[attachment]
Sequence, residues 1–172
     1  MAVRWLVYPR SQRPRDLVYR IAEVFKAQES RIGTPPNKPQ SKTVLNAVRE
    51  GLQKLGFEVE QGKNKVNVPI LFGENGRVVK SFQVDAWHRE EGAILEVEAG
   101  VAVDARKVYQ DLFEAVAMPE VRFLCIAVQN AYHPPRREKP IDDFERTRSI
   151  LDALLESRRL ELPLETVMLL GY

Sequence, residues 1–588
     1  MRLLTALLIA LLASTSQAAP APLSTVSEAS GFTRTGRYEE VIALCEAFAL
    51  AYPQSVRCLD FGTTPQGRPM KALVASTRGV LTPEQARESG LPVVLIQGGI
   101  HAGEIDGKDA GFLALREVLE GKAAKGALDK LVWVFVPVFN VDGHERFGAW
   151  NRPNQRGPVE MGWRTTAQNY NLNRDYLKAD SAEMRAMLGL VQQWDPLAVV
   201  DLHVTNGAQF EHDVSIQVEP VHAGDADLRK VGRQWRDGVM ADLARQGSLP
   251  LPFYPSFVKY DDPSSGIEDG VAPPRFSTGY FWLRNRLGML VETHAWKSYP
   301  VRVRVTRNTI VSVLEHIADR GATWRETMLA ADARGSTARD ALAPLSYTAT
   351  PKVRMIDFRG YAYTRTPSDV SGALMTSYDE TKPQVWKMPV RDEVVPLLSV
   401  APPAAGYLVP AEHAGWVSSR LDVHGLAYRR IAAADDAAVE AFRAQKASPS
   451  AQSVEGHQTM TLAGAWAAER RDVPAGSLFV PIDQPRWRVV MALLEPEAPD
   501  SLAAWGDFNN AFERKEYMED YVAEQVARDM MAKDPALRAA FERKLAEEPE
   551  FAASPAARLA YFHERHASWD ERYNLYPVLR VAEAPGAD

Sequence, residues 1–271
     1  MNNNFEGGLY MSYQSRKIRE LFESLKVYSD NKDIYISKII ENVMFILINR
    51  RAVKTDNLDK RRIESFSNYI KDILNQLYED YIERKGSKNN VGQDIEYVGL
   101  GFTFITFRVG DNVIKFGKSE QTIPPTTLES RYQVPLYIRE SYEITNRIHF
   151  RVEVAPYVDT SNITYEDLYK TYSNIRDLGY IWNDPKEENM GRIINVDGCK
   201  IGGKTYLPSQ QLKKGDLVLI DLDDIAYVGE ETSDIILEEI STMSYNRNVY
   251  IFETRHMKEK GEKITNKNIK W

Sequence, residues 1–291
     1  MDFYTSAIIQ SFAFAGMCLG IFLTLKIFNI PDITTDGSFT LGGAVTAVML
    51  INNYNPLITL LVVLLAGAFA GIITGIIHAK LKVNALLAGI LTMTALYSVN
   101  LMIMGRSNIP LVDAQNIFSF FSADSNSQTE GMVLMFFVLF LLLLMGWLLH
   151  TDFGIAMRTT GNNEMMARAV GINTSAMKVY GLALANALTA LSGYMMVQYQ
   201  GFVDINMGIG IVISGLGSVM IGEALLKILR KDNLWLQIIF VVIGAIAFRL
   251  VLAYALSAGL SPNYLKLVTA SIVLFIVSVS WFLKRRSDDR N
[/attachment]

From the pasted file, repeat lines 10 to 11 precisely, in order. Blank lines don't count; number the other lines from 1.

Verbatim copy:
   151  NRPNQRGPVE MGWRTTAQNY NLNRDYLKAD SAEMRAMLGL VQQWDPLAVV
   201  DLHVTNGAQF EHDVSIQVEP VHAGDADLRK VGRQWRDGVM ADLARQGSLP